It took a bit of time, but you can now stream Xbox games from your TV without a Microsoft console in sight. As long as you have a Samsung TV. The Xbox app is now available on Samsung’s latest smart TVs and monitors, alongside apps for rival gaming services like Stadia and NVIDIA’s GeForce Now. It’s bigger news, however, when a console maker — and its huge catalog of games on Game Pass Ultimate – offers game streaming straight from your TV.
I had an extended play session during a launch showcase at Samsung’s London event space, and it made me, a PlayStation gamer, an offer I can’t refuse: Play Xbox games from the cloud with no additional hardware, aside from a Bluetooth-connected controller. I can even use my DualSense controller because I’m that kind of person.
This will be familiar news to anyone that’s already streamed games with Xbox Cloud or Google’s Stadia, but, all the games I tried were smooth, with incredibly swift load speeds. Some early previews of Samsung’s Gaming Hub kept gaming media to familiar hits, but with Xbox rolling out the entire Game Pass experience, I got to test its limits with Flight Simulator, a game that benefits from speedier load times and avoiding those pesky huge patch files.
On a big TV, even while standing up, playing Flight Simulator turns into a meditative experience. Type in your destination for an exploration flight (or, easier on a controller, set your cursor on the world map), and just fly and fly and fly. That’s what I did, and I started to hate that I’ll never be able to do this on my PS5. I’m sold on the idea already – I just don’t have a 2022 Samsung TV. Damn you, Microsoft.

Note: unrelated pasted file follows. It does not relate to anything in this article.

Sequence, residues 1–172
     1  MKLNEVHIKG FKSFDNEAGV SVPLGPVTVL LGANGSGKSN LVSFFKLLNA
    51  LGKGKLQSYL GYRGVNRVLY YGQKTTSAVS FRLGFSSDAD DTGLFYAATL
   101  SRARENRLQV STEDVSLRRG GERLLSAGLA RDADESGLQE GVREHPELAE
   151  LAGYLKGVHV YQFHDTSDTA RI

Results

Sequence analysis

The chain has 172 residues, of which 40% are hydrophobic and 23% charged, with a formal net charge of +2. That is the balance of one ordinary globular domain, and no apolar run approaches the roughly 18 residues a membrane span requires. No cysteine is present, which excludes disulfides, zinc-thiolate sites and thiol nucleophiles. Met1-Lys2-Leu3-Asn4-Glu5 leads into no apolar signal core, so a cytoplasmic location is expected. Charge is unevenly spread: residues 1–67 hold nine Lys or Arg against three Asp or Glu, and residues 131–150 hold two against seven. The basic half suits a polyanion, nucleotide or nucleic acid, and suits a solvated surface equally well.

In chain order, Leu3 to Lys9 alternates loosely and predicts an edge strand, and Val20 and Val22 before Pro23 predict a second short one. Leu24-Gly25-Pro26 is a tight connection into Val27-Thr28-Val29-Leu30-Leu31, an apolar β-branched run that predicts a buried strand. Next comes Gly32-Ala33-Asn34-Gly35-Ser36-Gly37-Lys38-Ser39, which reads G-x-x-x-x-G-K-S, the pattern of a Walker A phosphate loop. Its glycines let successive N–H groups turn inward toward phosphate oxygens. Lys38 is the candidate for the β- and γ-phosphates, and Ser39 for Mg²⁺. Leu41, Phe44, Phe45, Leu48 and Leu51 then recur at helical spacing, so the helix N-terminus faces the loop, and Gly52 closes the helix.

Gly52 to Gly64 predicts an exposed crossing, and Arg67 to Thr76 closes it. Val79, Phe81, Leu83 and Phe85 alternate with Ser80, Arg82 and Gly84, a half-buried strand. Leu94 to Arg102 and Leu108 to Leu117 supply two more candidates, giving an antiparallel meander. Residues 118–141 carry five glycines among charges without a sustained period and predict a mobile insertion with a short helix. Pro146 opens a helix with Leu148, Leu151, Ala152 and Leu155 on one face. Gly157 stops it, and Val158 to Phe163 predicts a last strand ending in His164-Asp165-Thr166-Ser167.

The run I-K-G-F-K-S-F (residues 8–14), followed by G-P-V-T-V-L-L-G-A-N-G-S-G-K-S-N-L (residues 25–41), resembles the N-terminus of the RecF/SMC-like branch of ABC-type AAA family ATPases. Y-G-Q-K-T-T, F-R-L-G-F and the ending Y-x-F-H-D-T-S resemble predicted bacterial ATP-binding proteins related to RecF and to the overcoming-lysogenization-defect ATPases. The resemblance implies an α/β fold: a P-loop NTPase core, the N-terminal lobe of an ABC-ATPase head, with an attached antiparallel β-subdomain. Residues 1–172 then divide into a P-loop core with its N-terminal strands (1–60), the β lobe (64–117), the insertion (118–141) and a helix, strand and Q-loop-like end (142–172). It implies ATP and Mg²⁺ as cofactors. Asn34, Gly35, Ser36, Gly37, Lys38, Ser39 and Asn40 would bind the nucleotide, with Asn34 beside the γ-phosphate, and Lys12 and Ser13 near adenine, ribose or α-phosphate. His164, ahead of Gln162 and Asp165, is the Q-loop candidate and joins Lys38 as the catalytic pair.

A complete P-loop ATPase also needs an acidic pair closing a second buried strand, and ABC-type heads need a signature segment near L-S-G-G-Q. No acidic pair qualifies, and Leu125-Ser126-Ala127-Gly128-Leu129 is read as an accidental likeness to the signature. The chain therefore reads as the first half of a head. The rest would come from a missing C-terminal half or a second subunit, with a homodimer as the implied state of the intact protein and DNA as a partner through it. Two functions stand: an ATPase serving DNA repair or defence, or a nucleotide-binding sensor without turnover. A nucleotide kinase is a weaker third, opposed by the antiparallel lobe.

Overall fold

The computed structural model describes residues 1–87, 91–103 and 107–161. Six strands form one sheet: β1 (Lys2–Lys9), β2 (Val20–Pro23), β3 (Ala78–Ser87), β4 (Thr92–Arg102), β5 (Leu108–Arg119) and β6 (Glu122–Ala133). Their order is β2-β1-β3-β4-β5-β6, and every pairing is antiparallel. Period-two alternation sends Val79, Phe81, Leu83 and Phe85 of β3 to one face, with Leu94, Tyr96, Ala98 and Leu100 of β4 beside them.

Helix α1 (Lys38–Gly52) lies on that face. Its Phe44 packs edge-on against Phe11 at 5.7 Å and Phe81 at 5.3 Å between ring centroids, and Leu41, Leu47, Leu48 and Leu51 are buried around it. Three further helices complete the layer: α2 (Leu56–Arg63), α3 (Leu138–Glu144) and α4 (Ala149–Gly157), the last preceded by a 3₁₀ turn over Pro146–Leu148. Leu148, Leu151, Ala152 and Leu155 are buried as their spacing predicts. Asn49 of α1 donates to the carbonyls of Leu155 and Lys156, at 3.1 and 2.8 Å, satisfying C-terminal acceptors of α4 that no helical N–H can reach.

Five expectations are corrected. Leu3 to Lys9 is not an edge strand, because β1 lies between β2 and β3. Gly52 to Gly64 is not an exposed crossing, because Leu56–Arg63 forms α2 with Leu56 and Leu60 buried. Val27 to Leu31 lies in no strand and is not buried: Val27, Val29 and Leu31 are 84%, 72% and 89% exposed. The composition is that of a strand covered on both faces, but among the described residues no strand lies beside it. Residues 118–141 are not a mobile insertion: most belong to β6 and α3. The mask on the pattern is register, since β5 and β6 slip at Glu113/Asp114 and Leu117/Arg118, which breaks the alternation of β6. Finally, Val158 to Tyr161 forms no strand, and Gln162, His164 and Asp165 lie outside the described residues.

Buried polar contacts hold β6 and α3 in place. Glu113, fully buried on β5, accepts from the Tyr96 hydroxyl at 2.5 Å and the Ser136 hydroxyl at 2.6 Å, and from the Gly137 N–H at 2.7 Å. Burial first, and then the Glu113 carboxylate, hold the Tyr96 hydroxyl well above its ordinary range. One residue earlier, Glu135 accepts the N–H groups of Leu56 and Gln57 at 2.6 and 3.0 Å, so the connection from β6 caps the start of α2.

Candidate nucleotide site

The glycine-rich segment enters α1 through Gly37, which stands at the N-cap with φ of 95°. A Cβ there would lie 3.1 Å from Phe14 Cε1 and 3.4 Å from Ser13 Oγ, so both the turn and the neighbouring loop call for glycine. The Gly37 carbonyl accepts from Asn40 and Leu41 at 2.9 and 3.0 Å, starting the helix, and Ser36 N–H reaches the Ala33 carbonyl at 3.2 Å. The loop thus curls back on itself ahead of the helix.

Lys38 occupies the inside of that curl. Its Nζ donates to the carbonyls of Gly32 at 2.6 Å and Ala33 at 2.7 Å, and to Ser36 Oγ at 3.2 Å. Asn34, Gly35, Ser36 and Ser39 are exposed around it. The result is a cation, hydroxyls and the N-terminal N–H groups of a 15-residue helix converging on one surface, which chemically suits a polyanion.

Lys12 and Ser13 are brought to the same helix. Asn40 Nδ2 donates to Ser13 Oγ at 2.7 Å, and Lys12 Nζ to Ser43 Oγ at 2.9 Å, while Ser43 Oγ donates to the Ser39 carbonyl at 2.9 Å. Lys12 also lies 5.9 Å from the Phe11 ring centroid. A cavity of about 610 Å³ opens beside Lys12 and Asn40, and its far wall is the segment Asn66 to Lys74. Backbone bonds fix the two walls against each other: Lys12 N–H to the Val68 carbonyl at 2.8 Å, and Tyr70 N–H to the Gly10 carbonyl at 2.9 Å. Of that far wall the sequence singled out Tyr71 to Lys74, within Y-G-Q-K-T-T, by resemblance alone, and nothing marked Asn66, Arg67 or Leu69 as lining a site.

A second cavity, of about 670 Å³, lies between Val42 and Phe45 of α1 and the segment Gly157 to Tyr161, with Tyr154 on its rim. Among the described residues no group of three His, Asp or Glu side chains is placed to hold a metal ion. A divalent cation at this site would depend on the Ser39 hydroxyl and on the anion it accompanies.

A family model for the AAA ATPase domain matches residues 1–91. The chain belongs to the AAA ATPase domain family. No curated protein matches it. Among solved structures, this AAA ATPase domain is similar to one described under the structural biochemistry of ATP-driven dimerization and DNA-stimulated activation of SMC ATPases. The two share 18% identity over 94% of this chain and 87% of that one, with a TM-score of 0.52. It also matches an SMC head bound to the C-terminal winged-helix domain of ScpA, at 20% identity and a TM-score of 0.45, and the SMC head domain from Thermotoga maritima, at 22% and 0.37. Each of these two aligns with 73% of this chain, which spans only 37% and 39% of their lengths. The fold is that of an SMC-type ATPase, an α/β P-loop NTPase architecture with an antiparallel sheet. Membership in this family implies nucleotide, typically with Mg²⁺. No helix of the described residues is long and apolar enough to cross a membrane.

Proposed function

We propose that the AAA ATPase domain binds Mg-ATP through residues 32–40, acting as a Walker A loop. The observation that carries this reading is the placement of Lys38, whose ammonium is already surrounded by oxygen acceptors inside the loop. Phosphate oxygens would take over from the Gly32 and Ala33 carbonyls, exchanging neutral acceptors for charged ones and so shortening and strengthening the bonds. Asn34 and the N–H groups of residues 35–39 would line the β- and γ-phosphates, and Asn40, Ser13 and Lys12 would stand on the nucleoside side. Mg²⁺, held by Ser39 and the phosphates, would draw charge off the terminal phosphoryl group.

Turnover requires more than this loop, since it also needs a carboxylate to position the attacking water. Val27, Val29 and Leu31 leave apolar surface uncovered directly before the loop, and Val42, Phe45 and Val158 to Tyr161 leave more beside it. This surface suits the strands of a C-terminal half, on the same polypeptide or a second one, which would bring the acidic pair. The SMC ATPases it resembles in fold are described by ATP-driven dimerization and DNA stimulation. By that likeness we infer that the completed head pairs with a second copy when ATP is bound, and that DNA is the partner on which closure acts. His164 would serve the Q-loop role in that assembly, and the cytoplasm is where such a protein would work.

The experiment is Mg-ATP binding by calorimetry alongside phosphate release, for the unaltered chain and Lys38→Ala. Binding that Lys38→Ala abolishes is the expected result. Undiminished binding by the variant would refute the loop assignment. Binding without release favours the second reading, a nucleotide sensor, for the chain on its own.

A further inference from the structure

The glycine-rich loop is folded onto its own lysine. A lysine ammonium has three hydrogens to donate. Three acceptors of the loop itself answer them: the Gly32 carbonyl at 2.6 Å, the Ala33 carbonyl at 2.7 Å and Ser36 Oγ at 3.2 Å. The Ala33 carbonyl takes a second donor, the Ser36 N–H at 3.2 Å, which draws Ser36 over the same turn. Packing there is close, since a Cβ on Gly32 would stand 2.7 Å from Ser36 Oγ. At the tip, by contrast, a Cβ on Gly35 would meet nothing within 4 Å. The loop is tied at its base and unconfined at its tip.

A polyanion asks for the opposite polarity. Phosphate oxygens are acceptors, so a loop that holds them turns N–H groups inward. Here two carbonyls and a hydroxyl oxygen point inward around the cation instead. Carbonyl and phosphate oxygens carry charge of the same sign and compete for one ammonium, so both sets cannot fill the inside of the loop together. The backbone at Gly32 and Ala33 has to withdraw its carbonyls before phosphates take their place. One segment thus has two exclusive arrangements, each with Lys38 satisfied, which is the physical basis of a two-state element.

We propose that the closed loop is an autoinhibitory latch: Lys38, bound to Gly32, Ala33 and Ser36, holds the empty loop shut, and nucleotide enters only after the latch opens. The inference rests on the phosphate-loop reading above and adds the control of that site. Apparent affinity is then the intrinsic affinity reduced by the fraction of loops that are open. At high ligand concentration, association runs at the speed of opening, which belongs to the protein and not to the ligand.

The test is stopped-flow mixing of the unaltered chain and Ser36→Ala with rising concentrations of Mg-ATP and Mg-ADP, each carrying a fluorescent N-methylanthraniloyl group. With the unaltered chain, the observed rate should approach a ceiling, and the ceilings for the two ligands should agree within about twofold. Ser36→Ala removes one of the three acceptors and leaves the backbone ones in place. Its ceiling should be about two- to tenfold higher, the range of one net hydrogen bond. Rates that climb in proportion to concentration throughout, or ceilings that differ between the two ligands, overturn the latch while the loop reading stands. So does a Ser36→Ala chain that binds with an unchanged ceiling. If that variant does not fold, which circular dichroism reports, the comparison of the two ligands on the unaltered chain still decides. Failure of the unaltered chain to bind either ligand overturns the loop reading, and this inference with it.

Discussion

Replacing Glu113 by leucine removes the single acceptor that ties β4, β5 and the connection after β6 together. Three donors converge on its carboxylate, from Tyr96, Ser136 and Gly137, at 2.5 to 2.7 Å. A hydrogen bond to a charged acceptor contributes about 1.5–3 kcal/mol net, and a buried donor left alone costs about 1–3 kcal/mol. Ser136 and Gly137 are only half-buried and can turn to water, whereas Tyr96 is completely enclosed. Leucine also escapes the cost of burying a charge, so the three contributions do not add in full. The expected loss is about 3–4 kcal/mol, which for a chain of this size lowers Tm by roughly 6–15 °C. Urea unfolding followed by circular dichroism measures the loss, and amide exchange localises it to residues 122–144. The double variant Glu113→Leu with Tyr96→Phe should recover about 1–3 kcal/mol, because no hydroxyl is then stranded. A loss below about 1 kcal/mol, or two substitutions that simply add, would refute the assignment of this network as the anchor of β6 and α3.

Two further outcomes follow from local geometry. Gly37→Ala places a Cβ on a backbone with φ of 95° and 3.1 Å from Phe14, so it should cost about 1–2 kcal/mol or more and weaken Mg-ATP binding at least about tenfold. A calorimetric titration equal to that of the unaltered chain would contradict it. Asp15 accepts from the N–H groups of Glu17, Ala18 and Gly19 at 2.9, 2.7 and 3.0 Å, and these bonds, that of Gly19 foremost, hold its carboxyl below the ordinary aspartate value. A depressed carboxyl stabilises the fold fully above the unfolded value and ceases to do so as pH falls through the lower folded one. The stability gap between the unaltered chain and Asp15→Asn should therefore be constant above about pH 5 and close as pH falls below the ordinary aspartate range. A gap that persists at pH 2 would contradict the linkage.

It’s not perfect, of course. Don’t expect 4K or variable refresh rates beyond 60 fps – this is still cloud gaming, although we get 4K streams on Stadia… The bigger question is whether Xbox’s games can stream on Samsung’s Game Hub, stably, for several hours on end, and that’s something that can only be answered after extensive testing. What if your connection hiccups and you lose that major progress made in Red Dead Redemption 2?
For now, the hub is limited to Samsung’s 2022 TVs and monitors, and it’s unclear exactly how Microsoft will deliver Xbox Cloud to other big screens not connected to its consoles. For Samsung’s part, its spokesperson said the company hoped to “extend the device coverage in the near future”.
Microsoft’s own streaming stick, similar to a Chromecast, seemed like the obvious solution, but the company said earlier this year that it was taking a ‘new approach’ with its game streaming devices, so that’s not happening for a while at least. It hasn’t elaborated further, besides teasing “a new approach that will allow us to deliver Xbox Cloud Gaming to more players around the world in the future.”
That could mean a dedicated device, or it could be exactly what I’m testing today, the TV app, coming to more TVs. Hopefully some that already exist. Hopefully mine? Buying a new TV to avoid paying $300 for a new console seems more than a little circuitous. For now, I’m left waiting for a way to stream Xbox Cloud to my TV without a console. Barring some particularly laborious workarounds, it seems I’ll be waiting a little longer.
Author: M. Smith